The 13yo recently turned 14, leading to festivities, which, amongst other things, saw 8 of his mates gobble up an oversized cake in two minutes flat. This meticulously planned get together at the birthday boy’s house went on for exactly 7:53 minutes. The boys spent the rest of the afternoon on a nearby football pitch. Kicking the hell out of each other.
A week or so after the cake eating feast, the ‘gang’ again gathered at our house for the real party: a night of ‘chilling’. Cool as cucumbers as they are at this age the guys all turn up at the exact agreed time, ready for burgers, sausages, crisps, chocolate, or basically any type of food you care to shove their way. Such joy! Mr. S. fires up the BBQ, while I cut up the ubiquitous carrots, cucumber and apples, as even after twelve years of party teas, I am still not ready to let go of the hope that some kid some day will accidentally eat a carrot stick.
We start off with sausages, generously covered in ketchup, mayonnaise and curry sauce. The second course consists of burgers, rolls, ketchup, mayonnaise, curry sauce, cheese, some tomatoes and lettuce leafs. On to the third course – we are now fifteen minutes into the meal – of profiteroles and chocolate sauce. It seems 14yo bodies can easily handle 3000 calories in one sitting. But even more surprisingly, considering the fact that the boys are heading for a Guinness Book of Records entry for fastest meal, they manage to have a lively conversation at the same time.
So Mr. S. and I are now completely up-to-date with all the boys’ teachers and their qualifications (‘boring’, ‘really boring’, ‘can’t teach at all’). Of course they are being taught by some good men and women as well, because some of them are labelled ‘can be funny’, ‘okay’ and – best in show – ‘not so bad’. I hate to think what they would make of me, or Mr. S., had we been brave enough to try and teach these boys ‘French’, ‘Humanities’, or ‘Biology’.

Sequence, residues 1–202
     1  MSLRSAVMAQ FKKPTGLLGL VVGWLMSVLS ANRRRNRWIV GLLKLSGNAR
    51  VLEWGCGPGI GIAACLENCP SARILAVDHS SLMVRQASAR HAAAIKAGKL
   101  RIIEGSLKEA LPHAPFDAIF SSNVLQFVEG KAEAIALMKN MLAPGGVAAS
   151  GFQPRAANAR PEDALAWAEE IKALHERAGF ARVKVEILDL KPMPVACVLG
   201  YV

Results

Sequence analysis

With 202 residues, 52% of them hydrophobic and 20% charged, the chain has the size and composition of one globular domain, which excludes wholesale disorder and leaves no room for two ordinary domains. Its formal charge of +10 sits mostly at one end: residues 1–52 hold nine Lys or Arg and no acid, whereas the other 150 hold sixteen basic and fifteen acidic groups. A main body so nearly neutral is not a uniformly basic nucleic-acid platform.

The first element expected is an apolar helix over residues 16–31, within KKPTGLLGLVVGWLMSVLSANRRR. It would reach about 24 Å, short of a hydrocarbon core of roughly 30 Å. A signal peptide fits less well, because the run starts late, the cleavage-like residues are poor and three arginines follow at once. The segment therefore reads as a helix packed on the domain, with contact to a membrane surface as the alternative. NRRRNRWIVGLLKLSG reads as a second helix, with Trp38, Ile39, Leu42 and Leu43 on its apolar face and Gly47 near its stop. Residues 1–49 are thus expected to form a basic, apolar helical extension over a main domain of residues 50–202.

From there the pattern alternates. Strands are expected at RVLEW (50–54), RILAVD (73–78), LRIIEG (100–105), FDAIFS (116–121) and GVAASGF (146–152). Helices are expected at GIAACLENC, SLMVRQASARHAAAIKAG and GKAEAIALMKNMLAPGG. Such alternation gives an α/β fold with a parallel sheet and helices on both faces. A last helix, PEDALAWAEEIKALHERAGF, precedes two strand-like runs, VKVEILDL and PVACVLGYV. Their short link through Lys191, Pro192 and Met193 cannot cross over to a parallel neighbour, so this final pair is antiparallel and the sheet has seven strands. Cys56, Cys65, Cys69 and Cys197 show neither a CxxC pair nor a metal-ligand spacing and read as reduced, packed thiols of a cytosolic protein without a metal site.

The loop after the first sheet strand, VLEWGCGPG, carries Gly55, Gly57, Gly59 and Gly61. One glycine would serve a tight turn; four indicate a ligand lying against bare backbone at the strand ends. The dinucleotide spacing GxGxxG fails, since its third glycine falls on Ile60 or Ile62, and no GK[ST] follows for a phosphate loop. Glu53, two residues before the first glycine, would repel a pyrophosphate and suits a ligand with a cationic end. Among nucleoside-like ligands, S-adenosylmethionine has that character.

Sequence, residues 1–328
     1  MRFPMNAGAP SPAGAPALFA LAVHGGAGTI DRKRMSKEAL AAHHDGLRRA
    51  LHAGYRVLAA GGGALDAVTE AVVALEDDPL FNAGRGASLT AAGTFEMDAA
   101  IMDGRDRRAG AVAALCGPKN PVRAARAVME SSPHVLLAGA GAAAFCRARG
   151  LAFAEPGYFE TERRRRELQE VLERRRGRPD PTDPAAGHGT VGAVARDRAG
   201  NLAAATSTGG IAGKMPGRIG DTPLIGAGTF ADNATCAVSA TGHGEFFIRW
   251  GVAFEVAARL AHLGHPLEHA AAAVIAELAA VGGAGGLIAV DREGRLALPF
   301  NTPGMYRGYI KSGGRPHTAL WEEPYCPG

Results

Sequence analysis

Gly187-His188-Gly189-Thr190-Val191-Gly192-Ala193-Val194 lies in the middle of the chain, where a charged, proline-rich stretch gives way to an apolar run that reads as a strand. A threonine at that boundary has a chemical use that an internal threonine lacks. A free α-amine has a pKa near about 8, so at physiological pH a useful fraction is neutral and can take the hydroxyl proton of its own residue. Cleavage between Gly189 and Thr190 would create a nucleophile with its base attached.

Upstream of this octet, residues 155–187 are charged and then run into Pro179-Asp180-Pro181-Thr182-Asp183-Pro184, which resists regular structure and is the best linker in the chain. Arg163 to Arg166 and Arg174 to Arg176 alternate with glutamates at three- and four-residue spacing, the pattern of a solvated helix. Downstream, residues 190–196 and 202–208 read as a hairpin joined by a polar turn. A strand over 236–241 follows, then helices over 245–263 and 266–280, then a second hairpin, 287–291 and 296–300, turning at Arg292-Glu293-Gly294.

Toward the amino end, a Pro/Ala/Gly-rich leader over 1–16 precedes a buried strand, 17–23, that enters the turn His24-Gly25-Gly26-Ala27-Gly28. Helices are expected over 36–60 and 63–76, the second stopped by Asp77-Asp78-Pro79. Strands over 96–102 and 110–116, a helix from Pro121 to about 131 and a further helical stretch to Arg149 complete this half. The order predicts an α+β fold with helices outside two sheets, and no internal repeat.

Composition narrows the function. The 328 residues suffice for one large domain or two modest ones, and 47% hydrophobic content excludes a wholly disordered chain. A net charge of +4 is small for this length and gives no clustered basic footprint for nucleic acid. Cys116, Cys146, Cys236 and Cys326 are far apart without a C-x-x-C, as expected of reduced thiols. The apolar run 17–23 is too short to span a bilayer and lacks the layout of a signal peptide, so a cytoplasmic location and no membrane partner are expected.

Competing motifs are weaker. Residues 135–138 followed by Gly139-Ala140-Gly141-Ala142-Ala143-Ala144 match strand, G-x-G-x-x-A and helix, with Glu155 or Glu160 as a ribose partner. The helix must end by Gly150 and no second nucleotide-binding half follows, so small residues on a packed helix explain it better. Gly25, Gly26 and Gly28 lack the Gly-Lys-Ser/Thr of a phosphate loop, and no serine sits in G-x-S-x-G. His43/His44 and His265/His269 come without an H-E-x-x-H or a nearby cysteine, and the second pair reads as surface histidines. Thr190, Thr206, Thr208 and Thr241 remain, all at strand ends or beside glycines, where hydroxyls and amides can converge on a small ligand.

After the festive dinner, they all retire to the front room to watch films on Netflix. They are in to action comedies at the moment, a genre that Mr. S. and I haven’t explored really. At least not in the last twenty years. Not that we are allowed to watch this film with them of course. Our place is firmly in the kitchen, making sure cokes, crisps and chocolate biscuits find there way to the hungry troops at regular intervals.
The next morning, however, I get a blow-by-blow account of a film called ‘Big Dan’, about this ‘really small guy, mum, who has to go to prison, because of embezzlement and is really scared to get raped in prison. So that’s why some Kung Fu master teaches Dan to defend himself, mum, and then when he goes to prison he beats the crap out of everyone and they all call him big Dan, even if he is only 1,60 or so’. The 14yo thinks I might really like this film. And you know what? He might be on to something.
So here’s the plan for next Friday night. ‘Big Dan’, a big bar of Tony’s Chocolonely (salted caramel!), me and the 14yo: heaven!